Edited on 5/12 for Typos.
Let me get this out of the way right now, I believe healthcare, the coverage needed to see a doctor on a yearly basis, health maintenance and elder care are rights we should have in the richest, most productive country in the world. Unequivocally, every man, woman, and child who is a citizen of the United States should be covered either privately or under a public option. There is no logical, rational or economic reason we shouldn’t be able to do this. We’ve completely restructured our society and economy around war, which demonstrates a clear threat to us and our livelihoods (or NOT: i.e. every modern war post WW2) we have mobilized against threats both concrete and conceptual and with all our might, forced our country to conform to a new reality, so why can’t we do this to take care of each other?
We cast doubt on the poor and helpless, on people who supposedly drain the resources of the country and take advantage of all the social programs and “freebies” they get handed to them without the reservations or drug testing so prevalent on Wall Street or in Boardrooms. Why is it wrong to give everyone the possibility of a long and better life yet still allow employers and bankers who prey on the very same people the ability to do so with impunity with little or no consequences? When the average high school graduate earns about as much as the average undergrad (yes it’s 2014 data but with rampant income stagnation I highly doubt there is any major movement here) and is saddled with crushing debt its sad that we haven’t made college free as well, but I digress.
We are demonstrating a fratricidal tendency in this country. Instead of being a family, one who takes care of each other keeps each other and tends to each other’s wounds we are poisoning the water of our brother and sisters houses and killing them in the process.
The House’s passing of the revamped, pre-CBO scored so-called American Health Care Act is one of the most disgusting nakedly greedy and soulless pieces of legislation proposed in this decade. It scales back preexisting conditions provisions, creates already fail-proven high-risk pools and removes penalties for not securing coverage with over a dozen more really bad ideas. It does so in the name of “choice” a great buzzword but one that ignores the fact that most of us have none, to begin with. Like the allure of “liberty”, a word so rife with consequential elitism but so unknown in that respect by the average Joe, choice refers to something only really the financial elite possess.
But it is the dream of all of us that we can achieve this freedom. Within the already paralyzing revelation that we really have none, within our increasing levels of control exact 1/10th of 1 percent of our destinies outcome we try so hard to use each other as a measure of that little control we have over our universes. We try, and ultimately fail to become famous, or infamous, we try to be forces for good or notorious, we try to become immortal but in the end, the briefest of times ticks records our deeds.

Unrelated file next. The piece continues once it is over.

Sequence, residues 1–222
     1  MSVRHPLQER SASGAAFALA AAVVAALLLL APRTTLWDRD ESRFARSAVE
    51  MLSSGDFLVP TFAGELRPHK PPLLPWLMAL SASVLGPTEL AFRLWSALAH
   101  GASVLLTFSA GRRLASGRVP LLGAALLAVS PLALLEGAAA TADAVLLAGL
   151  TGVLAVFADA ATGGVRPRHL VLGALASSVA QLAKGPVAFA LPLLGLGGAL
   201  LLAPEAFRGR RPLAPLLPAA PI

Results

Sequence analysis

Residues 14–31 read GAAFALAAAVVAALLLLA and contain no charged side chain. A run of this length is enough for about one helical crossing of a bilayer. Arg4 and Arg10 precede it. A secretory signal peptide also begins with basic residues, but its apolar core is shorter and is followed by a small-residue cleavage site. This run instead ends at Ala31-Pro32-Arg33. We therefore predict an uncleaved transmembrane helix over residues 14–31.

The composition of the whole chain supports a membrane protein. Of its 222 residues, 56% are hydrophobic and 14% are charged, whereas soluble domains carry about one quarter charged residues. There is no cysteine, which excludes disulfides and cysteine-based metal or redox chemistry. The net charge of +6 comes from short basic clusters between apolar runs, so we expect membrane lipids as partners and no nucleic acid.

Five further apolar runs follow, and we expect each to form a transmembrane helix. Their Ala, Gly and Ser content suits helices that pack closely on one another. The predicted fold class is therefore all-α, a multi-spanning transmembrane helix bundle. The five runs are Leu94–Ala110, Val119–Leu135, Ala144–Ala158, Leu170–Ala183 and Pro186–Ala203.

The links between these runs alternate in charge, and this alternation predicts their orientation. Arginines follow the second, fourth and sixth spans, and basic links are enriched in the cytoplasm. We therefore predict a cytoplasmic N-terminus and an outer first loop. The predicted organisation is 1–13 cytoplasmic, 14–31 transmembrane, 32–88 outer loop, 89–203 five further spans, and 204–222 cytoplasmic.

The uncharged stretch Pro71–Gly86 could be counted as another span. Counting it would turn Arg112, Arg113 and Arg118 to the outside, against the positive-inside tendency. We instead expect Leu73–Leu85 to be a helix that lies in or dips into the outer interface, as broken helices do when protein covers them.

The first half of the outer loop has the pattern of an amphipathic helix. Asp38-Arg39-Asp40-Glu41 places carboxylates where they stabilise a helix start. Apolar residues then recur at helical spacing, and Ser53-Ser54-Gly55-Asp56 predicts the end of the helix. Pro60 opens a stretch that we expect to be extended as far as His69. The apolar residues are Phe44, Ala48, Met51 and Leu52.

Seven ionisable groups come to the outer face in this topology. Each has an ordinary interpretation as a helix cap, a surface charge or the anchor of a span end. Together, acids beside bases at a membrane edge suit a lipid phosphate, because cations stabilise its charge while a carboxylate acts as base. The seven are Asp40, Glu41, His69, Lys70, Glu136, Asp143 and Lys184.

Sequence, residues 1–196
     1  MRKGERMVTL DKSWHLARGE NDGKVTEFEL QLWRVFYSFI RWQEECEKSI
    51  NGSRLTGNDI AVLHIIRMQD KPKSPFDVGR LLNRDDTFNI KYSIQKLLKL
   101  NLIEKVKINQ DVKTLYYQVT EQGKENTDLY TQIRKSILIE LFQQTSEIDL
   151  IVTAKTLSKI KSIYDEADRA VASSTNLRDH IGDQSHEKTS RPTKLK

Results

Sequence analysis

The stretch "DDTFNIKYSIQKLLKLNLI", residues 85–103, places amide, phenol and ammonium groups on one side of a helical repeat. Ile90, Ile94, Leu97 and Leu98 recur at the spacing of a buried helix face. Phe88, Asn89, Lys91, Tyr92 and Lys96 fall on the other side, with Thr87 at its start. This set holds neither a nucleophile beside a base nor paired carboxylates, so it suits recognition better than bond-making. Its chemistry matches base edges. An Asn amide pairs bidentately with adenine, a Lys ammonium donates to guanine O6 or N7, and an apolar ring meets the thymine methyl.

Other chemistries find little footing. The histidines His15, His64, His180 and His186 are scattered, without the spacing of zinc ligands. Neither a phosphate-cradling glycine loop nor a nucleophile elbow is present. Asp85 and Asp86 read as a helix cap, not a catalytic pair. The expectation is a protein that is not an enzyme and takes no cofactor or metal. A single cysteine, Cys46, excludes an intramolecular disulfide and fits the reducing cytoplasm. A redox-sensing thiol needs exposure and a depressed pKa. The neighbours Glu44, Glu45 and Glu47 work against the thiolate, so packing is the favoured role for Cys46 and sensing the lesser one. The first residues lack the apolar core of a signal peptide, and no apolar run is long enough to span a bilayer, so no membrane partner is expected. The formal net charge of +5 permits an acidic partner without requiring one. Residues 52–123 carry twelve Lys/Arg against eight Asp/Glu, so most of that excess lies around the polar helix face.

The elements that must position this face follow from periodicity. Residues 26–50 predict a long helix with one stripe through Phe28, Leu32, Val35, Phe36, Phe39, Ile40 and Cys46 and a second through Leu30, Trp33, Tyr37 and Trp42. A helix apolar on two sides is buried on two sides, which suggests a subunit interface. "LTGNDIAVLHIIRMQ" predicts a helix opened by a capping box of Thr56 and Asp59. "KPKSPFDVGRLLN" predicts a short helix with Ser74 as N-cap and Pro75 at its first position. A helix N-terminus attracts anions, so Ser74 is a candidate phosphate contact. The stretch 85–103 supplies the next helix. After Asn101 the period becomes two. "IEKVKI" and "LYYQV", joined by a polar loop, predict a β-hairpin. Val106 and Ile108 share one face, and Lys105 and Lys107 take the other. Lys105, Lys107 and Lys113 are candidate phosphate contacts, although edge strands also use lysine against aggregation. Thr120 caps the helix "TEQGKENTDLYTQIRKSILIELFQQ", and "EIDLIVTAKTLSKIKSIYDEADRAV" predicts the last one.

We believe that our small eternities, our families ticks on the clock, our minuscule appearances upon the universe’s stage actually amount to something grander and we personalize that time to mean “us.” Instead of living like a giant organism and accepting that we all have sympathetic and, dare I say symbiotic, responsibilities. Accepting that our limited choice can be used to serve the greater good or destroy goodwill, makes us vulnerable, and we don’t like that one bit.
So what does all this have to do with snatching health coverage from millions of people, many of which voted for its removal in the first place? Everything.
Our mindset in this country is very different from it is in the rest of the world. We value a strange mix of things that are often at odds with each other, often conflict and sometimes contradict. Our collective identity is at once strong and fragmented, we use patriotism as a blunt object to both unify and divide and we have a national identity that is as much myth as it is fact. We are also very, very young.
Transcending this is a tough task, the reactive tendency to believe what we feel without fact checking what our words actually mean, has put us in a rhetorical bind. We cannot seem to get past the fact that we should be treating each other as family and not warring tribes. We are all Americans. Every man, woman, child, everyone of their decided gender or the genderless, every person who walks as a born or naturalized American citizen is our brother, sister, sibling…
We need to take care of each other, as families often do. We need to look past the Thanksgiving our cousin Guido ruined the family rug with his cigar, or the time Auntie Carol got so drunk she threw up in the newborn’s crib, we have to forgive our nephew Amir for falling in with the wrong crowd and getting caught with a pack of Newports in the school bathroom, we have to stop blaming Xiang for forgetting our birthday, most of all we have to honor not only Crispin and Gary for their commitment to each other and recommit to our family again.
Just because we look and sound a bit different, doesn’t make us any less family.
We should start treating each other that way.